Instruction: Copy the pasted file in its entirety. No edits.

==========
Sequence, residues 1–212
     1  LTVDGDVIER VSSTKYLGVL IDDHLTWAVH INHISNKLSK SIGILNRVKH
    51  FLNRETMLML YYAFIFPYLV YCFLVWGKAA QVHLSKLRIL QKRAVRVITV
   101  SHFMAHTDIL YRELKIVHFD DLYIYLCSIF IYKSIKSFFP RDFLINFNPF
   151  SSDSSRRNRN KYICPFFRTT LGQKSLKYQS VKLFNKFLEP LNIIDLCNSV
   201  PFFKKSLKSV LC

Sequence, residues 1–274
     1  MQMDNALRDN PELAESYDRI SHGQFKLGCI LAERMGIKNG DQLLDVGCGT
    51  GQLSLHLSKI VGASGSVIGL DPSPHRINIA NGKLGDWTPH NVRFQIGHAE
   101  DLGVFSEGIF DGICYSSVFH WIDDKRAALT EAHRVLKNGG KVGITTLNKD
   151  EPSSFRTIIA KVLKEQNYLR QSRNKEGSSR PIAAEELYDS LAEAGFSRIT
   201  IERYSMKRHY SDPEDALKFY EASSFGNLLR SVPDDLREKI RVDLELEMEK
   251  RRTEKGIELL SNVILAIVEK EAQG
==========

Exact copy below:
Sequence, residues 1–212
     1  LTVDGDVIER VSSTKYLGVL IDDHLTWAVH INHISNKLSK SIGILNRVKH
    51  FLNRETMLML YYAFIFPYLV YCFLVWGKAA QVHLSKLRIL QKRAVRVITV
   101  SHFMAHTDIL YRELKIVHFD DLYIYLCSIF IYKSIKSFFP RDFLINFNPF
   151  SSDSSRRNRN KYICPFFRTT LGQKSLKYQS VKLFNKFLEP LNIIDLCNSV
   201  PFFKKSLKSV LC

Sequence, residues 1–274
     1  MQMDNALRDN PELAESYDRI SHGQFKLGCI LAERMGIKNG DQLLDVGCGT
    51  GQLSLHLSKI VGASGSVIGL DPSPHRINIA NGKLGDWTPH NVRFQIGHAE
   101  DLGVFSEGIF DGICYSSVFH WIDDKRAALT EAHRVLKNGG KVGITTLNKD
   151  EPSSFRTIIA KVLKEQNYLR QSRNKEGSSR PIAAEELYDS LAEAGFSRIT
   201  IERYSMKRHY SDPEDALKFY EASSFGNLLR SVPDDLREKI RVDLELEMEK
   251  RRTEKGIELL SNVILAIVEK EAQG